Don't even get me started on the farm industry. Rather than have cattle graze and eat grasses (they are ruminants after all) we truck them (diesel) to feed lots where corn (fertilizer/diesel) is trucked in (diesel) and then they are trucked away (diesel) etc (more diesel).

Of course we need to ask why we use trucks rather than trains to ship goods, but that is a post for another day.

Bottom line: yes more stringent fuel economy standards should be part of the equation, but we have to start thinking about where we waste oil.

neon4891
neon4891 HalfDork
6/22/08 9:21 a.m.

Now I remember. Getting the driveway graded again comes first, thoe

Dr. Hess
Dr. Hess SuperDork
6/22/08 12:23 p.m.

JohnSSC, you have some valid points. However, do remember that the voice of the so-called environmentalist movement that has crippled our energy system has historically been the D's, just like the voice of the disarm the peon set has been the D's and the kill all the poor babies so there's more stuff for the rich set has been the D's. I'm not saying that there wasn't R complacency associated with it, but the leaders of the movements are the D's.

Conservation is a good short term solution. It does not end the long term problem of continued population expansion with limited resources. Lighting the bottom of bridges is rather silly. Better fuel economy standards is not a solution. Passing a law that says next year, all vehicles sold have to get 20% better mileage than they get today, while sounding good, would only postpone us running out of our current energy system a little later. What's more, there is no shortage of oil or things we can make into oil/gasoline like natural gas, shale, coal, etc. So why are we conserving oil?

For whatever reason, we are being driven to nuclear energy. There are plenty of alternatives available, but the rich give up control of the poor if the other sources are developed. You're right also about the lack of a standard nuke plant. A friend of mine (20 valve circles) works at a nuke plant and he was telling me that in France, they have one nuke plant design. If there's a problem found, they fix it and fix all of them. They only have to order 1 model valve for every plant, instead of a different valve for every plant. Why don't we have that? Why don't we have one of those double 18 wheeler trailer sized nuke plants in every town pumping out virtually free electricity? Why don't we recycle our nuclear waste into more fuel until it isn't waste anymore, like France?

Read that article I posted somewhere above regarding what Ahm-a-nut-job was saying. He was not saying that the evil futures traders were the reason oil was so high. He was saying that the evil U.S. was doing it on purpose so that we would develop our own petro-energy and alternative energy.

There is virtually no markup in the water you buy at the store. The store gets their standard profit, probably 5-8% net, and the rest is cost. I'm in the industry, I know these things. Is it wasteful to buy water that has that much cost associated with it when you could get water out of the tap? Probably. But sometimes (depending on who's water you are buying), you are getting a better quality water than the stuff from the tap. Sometimes not.

I also agree that the disposable plastic society we have built is wasteful. You go eat at Taco Hell and look at all the plastic that comes with the meal. Even the plastic spork is wrapped in plastic. Micky D's is even worse.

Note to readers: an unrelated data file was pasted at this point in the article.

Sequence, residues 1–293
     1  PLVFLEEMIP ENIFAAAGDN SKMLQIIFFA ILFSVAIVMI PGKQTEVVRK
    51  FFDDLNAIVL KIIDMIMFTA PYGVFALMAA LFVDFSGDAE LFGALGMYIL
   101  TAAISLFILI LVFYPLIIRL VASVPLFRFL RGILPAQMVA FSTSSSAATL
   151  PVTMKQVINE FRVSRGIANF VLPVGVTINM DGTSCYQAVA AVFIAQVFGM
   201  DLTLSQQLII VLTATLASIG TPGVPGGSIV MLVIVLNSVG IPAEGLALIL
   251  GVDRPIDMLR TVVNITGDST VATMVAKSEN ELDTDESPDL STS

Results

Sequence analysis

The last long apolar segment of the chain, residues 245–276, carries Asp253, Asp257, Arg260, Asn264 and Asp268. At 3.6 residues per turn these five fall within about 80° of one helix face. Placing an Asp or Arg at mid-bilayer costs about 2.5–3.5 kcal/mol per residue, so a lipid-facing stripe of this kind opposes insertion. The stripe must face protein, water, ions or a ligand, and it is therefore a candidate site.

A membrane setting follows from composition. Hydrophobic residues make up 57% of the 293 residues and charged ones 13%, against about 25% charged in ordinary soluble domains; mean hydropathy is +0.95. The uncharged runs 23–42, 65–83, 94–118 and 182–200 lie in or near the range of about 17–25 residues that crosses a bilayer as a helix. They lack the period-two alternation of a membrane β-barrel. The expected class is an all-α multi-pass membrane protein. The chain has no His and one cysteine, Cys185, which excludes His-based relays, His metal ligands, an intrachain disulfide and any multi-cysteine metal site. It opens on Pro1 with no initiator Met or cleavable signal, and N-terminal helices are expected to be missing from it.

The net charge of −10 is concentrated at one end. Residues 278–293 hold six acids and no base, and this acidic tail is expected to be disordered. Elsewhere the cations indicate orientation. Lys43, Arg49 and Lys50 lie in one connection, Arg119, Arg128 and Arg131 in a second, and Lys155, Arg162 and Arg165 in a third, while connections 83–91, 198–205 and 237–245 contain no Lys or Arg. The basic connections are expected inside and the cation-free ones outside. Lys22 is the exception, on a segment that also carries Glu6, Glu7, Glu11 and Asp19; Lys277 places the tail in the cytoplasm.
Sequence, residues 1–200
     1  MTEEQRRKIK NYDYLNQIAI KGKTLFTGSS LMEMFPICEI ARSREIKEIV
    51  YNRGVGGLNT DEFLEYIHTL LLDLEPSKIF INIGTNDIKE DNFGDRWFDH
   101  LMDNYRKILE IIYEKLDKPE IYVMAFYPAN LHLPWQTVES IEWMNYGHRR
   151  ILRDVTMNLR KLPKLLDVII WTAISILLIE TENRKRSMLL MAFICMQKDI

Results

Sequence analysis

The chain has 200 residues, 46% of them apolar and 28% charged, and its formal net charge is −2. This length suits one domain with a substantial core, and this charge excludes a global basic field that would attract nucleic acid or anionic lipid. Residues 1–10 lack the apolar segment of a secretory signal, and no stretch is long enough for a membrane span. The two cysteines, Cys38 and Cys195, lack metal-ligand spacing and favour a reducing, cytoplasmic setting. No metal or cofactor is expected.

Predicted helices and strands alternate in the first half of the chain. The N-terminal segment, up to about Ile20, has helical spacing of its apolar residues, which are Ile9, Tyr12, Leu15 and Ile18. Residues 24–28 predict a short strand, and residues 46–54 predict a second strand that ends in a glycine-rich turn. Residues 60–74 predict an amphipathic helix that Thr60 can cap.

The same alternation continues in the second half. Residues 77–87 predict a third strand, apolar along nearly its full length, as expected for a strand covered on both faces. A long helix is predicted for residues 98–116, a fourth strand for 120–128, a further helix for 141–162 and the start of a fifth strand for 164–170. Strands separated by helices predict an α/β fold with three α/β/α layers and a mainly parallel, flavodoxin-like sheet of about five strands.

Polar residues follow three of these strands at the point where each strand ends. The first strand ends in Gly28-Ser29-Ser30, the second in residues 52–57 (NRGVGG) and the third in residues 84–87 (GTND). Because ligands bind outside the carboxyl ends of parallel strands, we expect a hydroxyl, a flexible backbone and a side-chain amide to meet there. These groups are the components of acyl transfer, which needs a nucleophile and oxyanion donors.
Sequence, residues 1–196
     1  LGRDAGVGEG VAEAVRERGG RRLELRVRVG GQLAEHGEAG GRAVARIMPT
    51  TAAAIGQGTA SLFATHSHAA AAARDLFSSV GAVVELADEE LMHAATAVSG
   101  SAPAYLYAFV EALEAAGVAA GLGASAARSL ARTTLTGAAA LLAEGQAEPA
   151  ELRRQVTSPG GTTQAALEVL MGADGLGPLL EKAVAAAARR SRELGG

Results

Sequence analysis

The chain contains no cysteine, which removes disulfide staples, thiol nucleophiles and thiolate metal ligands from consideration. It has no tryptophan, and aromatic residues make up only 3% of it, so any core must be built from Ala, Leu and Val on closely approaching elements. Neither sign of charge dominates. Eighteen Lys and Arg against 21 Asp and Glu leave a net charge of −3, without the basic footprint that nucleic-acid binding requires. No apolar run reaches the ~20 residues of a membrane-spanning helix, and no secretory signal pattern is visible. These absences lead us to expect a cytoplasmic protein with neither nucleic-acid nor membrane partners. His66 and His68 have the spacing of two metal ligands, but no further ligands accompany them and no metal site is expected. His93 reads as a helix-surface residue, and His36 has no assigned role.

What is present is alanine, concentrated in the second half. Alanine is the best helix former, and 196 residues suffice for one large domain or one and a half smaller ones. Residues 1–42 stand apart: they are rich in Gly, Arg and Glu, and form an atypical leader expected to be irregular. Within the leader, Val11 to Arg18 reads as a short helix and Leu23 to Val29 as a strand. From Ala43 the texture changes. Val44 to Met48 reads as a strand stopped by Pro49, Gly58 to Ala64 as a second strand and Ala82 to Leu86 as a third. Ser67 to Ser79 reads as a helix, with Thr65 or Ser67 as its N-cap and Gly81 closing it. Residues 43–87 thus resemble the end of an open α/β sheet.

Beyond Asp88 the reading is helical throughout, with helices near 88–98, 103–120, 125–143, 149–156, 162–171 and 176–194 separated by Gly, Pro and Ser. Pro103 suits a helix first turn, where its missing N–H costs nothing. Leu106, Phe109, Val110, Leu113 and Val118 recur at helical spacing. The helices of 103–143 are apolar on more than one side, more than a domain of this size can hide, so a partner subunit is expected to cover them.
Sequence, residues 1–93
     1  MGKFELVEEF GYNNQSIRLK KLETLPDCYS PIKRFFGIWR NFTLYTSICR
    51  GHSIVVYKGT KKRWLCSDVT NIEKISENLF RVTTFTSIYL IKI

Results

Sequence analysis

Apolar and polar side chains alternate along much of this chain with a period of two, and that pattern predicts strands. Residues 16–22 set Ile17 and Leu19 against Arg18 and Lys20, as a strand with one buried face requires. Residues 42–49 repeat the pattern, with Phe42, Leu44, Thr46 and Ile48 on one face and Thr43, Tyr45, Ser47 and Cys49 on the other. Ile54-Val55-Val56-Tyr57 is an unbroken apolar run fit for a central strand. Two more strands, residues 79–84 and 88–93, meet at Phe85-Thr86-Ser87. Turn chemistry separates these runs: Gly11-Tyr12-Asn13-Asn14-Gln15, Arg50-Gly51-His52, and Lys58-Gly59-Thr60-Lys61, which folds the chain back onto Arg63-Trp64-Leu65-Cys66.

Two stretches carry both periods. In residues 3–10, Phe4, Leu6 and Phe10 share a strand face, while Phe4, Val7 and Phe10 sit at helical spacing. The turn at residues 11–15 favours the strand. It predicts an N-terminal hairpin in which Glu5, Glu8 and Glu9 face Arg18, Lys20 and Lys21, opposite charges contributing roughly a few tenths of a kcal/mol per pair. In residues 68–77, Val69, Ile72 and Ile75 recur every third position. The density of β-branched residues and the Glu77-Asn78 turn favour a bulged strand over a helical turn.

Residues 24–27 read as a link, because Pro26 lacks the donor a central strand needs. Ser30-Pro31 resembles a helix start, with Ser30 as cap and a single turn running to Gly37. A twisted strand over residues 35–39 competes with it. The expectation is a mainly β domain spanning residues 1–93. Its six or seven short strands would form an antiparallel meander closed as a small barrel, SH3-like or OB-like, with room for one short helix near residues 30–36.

Oh, and I last ate a piece of cow about 20 years ago, so think of all the diesel I've personally saved. I've saved so much diesel and fertilizer that SOMEONE should GIVE me FREE 95 octane fuel for my turbocharged and other high performance motors for the rest of my life. It's only fair. GIVE ME FREE GAS OR I'LL EAT THIS COW! Save Bessie The Cow from Certain Death! Give Dr.Hess Free 95 (or better) Octane Gasoline!!

gamby
gamby SuperDork
6/22/08 2:18 p.m.
JohnSSC wrote: In short: How stupid are we? I live in Pittsburgh. Like many big cities we have big buildings. Why do we waste electricity (and therefore using oil-fired and coal-fired power plants) TO LIGHT THE OUTSIDE of the the buildings? Heck, we even have giant lighted signs that say: "Boo-Boo Kitty Enterprises" just for the effect. We even light (in an architecturally wonderful way) the UNDERSIDE of bridges! Want to conserve? Turn Off the Lights! Why do people shine lights at their rhododendrons? Turn off the lights!

If you want to go even crazier, think of how many millions of people leave their large TV's on all day in order to "keep their dogs company" while they're at work.

People who leave their AC's running all day at 65 while no one is home all day.

Stores who leave every interior light on overnight.

...among other dumbness

JohnSSC
JohnSSC New Reader
6/22/08 2:21 p.m.

The D's are leading the conservation/green charge? Interesting. As disjointed a group as the Democrats are, I am continually amazed at how cohesive they are when it comes to "controlling" things.

Ahmadinejad is not a "nut job" any more than Bush or most other world leaders. He was elected in a non-rigged election (see Florida 2000 or any election in Egypt, our Partner in Democracy) which is better than you can say about Saudi Arabia, where President Junior was recently grovelling for more production.

I know, Ahmadinejad has said (or had attributed) a number of things we take as "crazy" but then again, most people in this country cannot spell Farsi let alone speak it. Several of his comments have been botched translations - it is just that the botched translation makes better copy.